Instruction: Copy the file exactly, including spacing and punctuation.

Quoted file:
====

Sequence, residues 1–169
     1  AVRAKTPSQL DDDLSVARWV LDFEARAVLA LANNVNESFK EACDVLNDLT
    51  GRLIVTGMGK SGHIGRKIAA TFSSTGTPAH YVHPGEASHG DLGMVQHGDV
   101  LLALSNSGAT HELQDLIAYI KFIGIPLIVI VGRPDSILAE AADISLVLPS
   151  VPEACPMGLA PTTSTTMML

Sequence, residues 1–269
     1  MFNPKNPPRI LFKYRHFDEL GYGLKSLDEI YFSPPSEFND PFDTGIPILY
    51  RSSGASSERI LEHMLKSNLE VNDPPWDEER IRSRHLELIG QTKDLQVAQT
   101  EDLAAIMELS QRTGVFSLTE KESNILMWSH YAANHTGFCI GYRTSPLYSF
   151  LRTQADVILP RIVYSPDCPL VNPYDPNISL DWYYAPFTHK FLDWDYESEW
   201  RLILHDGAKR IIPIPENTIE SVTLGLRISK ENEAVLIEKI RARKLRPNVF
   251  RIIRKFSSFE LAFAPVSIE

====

Sequence, residues 1–169
     1  AVRAKTPSQL DDDLSVARWV LDFEARAVLA LANNVNESFK EACDVLNDLT
    51  GRLIVTGMGK SGHIGRKIAA TFSSTGTPAH YVHPGEASHG DLGMVQHGDV
   101  LLALSNSGAT HELQDLIAYI KFIGIPLIVI VGRPDSILAE AADISLVLPS
   151  VPEACPMGLA PTTSTTMML

Sequence, residues 1–269
     1  MFNPKNPPRI LFKYRHFDEL GYGLKSLDEI YFSPPSEFND PFDTGIPILY
    51  RSSGASSERI LEHMLKSNLE VNDPPWDEER IRSRHLELIG QTKDLQVAQT
   101  EDLAAIMELS QRTGVFSLTE KESNILMWSH YAANHTGFCI GYRTSPLYSF
   151  LRTQADVILP RIVYSPDCPL VNPYDPNISL DWYYAPFTHK FLDWDYESEW
   201  RLILHDGAKR IIPIPENTIE SVTLGLRISK ENEAVLIEKI RARKLRPNVF
   251  RIIRKFSSFE LAFAPVSIE